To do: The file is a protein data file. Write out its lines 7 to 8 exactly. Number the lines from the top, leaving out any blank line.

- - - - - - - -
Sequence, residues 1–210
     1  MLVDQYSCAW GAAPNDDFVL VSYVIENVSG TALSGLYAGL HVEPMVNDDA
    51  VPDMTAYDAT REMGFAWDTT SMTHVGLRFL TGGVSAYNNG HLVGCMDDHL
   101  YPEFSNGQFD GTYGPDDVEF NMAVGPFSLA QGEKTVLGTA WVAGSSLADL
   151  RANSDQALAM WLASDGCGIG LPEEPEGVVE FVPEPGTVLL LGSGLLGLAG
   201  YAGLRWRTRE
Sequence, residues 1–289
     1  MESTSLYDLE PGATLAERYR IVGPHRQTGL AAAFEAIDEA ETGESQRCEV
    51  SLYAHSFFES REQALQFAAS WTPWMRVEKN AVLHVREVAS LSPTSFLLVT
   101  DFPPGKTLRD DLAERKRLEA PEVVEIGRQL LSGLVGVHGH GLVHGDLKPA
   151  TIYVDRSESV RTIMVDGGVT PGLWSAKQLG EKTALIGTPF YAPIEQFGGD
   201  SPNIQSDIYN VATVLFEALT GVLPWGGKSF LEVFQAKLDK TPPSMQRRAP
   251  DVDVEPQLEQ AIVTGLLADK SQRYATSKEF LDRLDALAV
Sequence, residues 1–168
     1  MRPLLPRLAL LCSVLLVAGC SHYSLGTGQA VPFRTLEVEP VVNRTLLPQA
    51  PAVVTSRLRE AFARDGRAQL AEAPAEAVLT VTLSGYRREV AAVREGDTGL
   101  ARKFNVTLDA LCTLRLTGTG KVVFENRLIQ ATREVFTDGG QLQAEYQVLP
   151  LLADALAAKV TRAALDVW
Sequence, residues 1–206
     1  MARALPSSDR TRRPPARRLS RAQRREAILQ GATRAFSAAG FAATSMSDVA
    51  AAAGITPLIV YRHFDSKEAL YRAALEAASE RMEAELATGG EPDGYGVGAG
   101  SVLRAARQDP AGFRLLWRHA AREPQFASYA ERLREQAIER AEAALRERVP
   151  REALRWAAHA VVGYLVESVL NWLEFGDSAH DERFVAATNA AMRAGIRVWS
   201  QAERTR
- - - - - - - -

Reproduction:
Sequence, residues 1–289
     1  MESTSLYDLE PGATLAERYR IVGPHRQTGL AAAFEAIDEA ETGESQRCEV